For the second year in a row, MACH Alliance conducted global IT decision-maker research to gauge the state of MACH adoption across the US, UK and Germany. MACH stands for Microservices, API-first, Cloud-based SaaS and Headless. The Alliance partnered with Mel Research to field the study, which polled several hundred senior level technology decision-makers (think: CIO/CTO, VP/SVP, senior manager).
The good news: The move toward MACH architectures remains a priority for global tech decision-makers. And, progress has been made over the past year in this regard with a 19% increase in companies that have moved away from their monolithic stacks in favor of best-of-breed. Technology leaders polled also emphasized that they see MACH technologies as the future of architecture with almost 80% stating they plan to increase their investment in MACH over the next year.
Ensuring Flexibility in Uncertain Times
Here’s why this matters. We’ve been in the throes of a volatile economic environment for several years now. A global health pandemic, geo-political tensions and now war in Ukraine have meant tremendous uncertainty for many businesses across virtually every industry.
While executives cannot control macro events, they can control how they prepare their companies for unrest, and one of the most sound ways to do so is to invest in enterprise architecture and technologies that advance their digital posture. This ensures a level of flexibility that businesses burdened by legacy technology simply cannot obtain.
While the increasing intent to embrace MACH was promising, less favorable was the finding that under half of respondents said they’re satisfied with their ability to deliver customer experience (CX) improvements at speed. Yet, this is where MACH comes into its own, and we expect this percentage to increase over the next year given respondents’ cited intention to increase MACH elements in their digital stack.
Related Article: The Business Case for MACH Architecture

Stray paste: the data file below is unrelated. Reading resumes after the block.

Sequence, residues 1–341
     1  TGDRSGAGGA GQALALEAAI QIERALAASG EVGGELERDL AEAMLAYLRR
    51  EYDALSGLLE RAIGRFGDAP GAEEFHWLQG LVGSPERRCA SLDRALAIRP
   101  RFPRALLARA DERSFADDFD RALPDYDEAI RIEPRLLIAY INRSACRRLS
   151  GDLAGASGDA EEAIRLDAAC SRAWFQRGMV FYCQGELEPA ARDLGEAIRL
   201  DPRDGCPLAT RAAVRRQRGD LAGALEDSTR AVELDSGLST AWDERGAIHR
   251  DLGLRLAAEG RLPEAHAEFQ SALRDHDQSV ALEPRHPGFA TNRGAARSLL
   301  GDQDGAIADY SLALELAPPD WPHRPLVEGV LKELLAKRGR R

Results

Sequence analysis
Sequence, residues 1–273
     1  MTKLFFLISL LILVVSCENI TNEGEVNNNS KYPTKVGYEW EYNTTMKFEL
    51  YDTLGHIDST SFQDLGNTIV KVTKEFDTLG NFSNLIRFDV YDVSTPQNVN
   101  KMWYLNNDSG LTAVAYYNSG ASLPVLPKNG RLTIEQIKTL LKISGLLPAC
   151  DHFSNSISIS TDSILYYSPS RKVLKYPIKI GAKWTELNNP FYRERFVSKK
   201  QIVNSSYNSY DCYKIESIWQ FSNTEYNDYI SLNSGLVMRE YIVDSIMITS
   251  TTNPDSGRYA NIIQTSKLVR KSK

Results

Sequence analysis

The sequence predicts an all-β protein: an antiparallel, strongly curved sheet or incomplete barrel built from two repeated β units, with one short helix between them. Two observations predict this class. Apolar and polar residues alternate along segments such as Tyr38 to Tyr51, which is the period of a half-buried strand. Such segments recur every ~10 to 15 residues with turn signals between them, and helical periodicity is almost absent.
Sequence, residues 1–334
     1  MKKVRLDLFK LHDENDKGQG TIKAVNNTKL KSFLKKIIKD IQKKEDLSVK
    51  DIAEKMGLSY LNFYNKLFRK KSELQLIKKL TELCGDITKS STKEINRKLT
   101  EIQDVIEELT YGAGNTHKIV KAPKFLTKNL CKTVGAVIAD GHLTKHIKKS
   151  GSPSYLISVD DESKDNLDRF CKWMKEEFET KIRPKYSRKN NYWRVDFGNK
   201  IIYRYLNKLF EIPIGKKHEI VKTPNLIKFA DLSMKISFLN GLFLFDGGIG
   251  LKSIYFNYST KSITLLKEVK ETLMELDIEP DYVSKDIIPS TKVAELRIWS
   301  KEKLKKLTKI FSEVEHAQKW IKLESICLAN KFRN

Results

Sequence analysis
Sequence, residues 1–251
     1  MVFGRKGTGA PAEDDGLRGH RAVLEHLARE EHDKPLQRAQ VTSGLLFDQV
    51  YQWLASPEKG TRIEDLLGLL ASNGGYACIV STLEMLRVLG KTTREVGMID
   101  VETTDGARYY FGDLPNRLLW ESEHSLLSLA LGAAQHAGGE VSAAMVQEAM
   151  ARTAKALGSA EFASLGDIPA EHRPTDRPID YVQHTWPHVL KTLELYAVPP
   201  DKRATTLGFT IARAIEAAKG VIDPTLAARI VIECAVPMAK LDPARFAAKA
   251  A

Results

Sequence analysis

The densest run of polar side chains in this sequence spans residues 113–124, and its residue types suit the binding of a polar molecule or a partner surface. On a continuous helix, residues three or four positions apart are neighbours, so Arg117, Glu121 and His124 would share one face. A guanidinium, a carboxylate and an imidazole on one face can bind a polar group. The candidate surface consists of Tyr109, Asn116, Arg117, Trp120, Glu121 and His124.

Cost of Upgrades Mounts Along With Desires for Greater Cloud Adoption
The research found that IT teams are spending an average of 39% of their time delivering upgrades. Roughly 30% said more than half of their IT team time is dedicated to this. Two fifths of respondents stated they carry out maintenance or upgrades every three weeks. Additionally, about three quarters of those take more than a month, with 25% taking more than three months.
Imagine how much time and how many resources, with this, are being pulled away from more important functions and the ability to focus on innovation and customer service improvements.
While the cost in talent and dollars drags teams down, more than half of respondents in the research this year said they want completely cloud-driven infrastructures in the future. That should mean that the cost of upgrades would go down, over time, too. That would indicate more budget goes back into the hands of IT and innovation teams to develop new CX offerings and ways to advance the business.
US Trails Germany, UK in MACH
Interestingly, the research found that the rate of adoption of MACH technologies varies quite a bit by region. While US tech leaders stated in the poll that they would describe themselves as bold in their approach as their European counterparts, it turns out MACH is more prevalent in the front office in the UK (53%) and Germany (60%) than it is in the US (34%). We found this to be surprising given almost 60% of US tech leaders also cited a strong intention to increase MACH elements over the last 12 months from the Alliance’s 2021 survey.
One thing that became clear in the research is that the drivers of MACH transition are pull, not push. Cycle of release issues and on-premises costs rank lowest among the drivers of adoption, while speed, privacy and improving customer experience needs ranked on top. Another key finding we drew is that MACH intentions are strongly parallel to perceptions of outpacing competitors. Those with the strongest intention to increase MACH elements in the next 12 months are most likely to say they are significantly ahead.
Related Article: Are You Ready for the MACH Revolution?
The Road Ahead: Overcoming Fear of Change
Most IT and business leaders understand the benefits of MACH-based architectures. We’ve seen this to be clear in the research from the past two years. But the data and our experience shows that fear of change and the practicalities of implementation are hurdles to adoption.
Further education is needed around best practices for MACH adoption so business leaders can see that the transition to MACH doesn’t need to be as painful as they may assume. And now is the time to dive in. Waiting it out will not come with benefits, as IT budgets are forecast to grow faster this year than they have in a decade. IT leaders that prioritize investment in technologies that will future-proof their business and advance their digital posture are the ones that will outperform the competition.